UNITED STATES of America, Appellee, v. Delwayne BRANDT, Appellant.
Delwayne Brandt appeals the district court's order revoking his probation and sentencing him to eight months in prison. We dismiss this appeal as moot.
Brandt was indicted by a federal grand jury on two counts of using interstate communications to threaten injury to an individual, in violation of 18 U.S.C. § 875(c). Upon advice of counsel, Brandt pled guilty to Count Two, in exchange for the dismissal of Count One.
The facts underlying Count Two can be briefly summarized. Brandt was frustrated with what he perceived to be threats and harassment against him and his family members by a local sheriff. Brandt called the governor's office to complain about the alleged harassment. When he eventually spoke with one of the governor's aides, Brandt threatened to kill the sheriff.
After accepting Brandt's guilty plea, the district court sentenced Brandt to forty-eight months of probation on March 28, 1995. Brandt did not appeal this conviction or ask to withdraw his guilty plea at that time. On June 25, 1996, following a state court conviction for attempted criminal mischief, Brandt's probation was revoked. He was sentenced to eight months in prison.
On July 5, 1996, Brandt's counsel filed a notice of appeal from the district court's order revoking probation. Brandt's counsel was then permitted to withdraw his representation and Brandt was appointed new counsel. The appeal was based on three claims of ineffective assistance of counsel. Brandt alleges that his prior counsel was ineffective in that: (1) he failed to move to dismiss Count Two of the indictment; (2) he advised Brandt to plead guilty to Count Two despite his alleged lack of mental culpability; and (3) he failed to call witnesses at the probation revocation hearing.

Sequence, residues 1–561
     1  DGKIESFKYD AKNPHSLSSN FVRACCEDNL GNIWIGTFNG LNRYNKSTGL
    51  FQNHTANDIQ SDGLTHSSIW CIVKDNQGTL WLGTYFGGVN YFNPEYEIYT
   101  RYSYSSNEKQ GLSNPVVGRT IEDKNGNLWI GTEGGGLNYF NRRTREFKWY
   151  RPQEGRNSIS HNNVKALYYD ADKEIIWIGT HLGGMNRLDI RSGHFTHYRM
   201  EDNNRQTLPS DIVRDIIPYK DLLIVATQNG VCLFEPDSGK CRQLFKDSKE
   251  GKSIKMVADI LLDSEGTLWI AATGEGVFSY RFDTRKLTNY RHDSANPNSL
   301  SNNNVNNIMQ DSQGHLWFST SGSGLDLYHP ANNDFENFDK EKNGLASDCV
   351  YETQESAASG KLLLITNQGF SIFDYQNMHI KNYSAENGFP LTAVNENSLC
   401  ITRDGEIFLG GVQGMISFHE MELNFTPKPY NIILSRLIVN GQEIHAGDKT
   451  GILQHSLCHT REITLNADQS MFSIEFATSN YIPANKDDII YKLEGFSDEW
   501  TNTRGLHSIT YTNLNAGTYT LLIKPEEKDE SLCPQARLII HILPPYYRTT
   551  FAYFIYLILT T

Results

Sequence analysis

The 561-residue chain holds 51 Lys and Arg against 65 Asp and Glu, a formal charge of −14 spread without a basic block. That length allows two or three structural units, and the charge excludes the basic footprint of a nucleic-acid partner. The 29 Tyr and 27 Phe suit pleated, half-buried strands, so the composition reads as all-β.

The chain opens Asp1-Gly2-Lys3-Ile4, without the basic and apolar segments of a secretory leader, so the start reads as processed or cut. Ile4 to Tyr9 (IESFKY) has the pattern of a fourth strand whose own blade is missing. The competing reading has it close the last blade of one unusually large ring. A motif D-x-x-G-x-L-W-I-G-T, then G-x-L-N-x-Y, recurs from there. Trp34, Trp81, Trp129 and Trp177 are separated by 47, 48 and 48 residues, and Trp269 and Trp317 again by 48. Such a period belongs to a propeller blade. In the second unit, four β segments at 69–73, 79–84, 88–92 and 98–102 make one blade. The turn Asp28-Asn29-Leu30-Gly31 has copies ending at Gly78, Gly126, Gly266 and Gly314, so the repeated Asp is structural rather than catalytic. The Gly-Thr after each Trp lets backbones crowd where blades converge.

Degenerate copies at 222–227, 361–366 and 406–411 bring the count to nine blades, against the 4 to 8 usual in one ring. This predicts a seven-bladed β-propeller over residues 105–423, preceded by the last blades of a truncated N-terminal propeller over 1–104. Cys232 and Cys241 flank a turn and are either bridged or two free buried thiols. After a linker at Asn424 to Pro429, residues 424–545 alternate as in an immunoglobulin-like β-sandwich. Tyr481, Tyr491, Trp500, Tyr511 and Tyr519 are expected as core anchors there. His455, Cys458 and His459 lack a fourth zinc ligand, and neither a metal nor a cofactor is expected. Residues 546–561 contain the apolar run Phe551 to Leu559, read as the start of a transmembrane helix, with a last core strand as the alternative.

Brandt's notice of appeal was from the district court's order revoking probation. On appeal, however, Brandt raises only claims of ineffective assistance of counsel-two of which are attempts to collaterally attack his original conviction and a third which relates to the probation revocation. Except in unusual circumstances, claims of ineffective assistance of counsel are not properly considered on direct appeal. United States v. Iversen, 90 F.3d 1340, 1342 (8th Cir.1996). Consequently, we refuse to deal on direct appeal with the ineffective counsel allegation arising from the revocation of probation. Without that issue, this action would more properly be considered an appeal from Brandt's original conviction. Such an appeal, however, would be untimely. 28 U.S.C. § 2107.
Brandt's claims of ineffective assistance of counsel, if at all viable, should have been presented by way of a 28 U.S.C. § 2255 action. However, we cannot treat this appeal as a habeas action. Because entitled an “appeal,” this action came directly to our court instead of first being presented to the district court. Therefore, the district court has not had the opportunity to rule on or to develop a factual record on these claims. Iversen, 90 F.3d at 1342. In such a case, it would normally be proper for us to dismiss the appeal without prejudice to Brandt's right to bring a motion for relief under 28 U.S.C. § 2255. In this case, however, such a dismissal is inappropriate as Brandt was unconditionally released from the custody of the Bureau of Prisons on February 21, 1997. Therefore, we dismiss this appeal as moot. See Sesler v. Pitzer, 110 F.3d 569, 570-71 (8th Cir.1997); Leonard v. Nix, 55 F.3d 370, 372-73 (8th Cir.1995).
BEAM, Circuit Judge.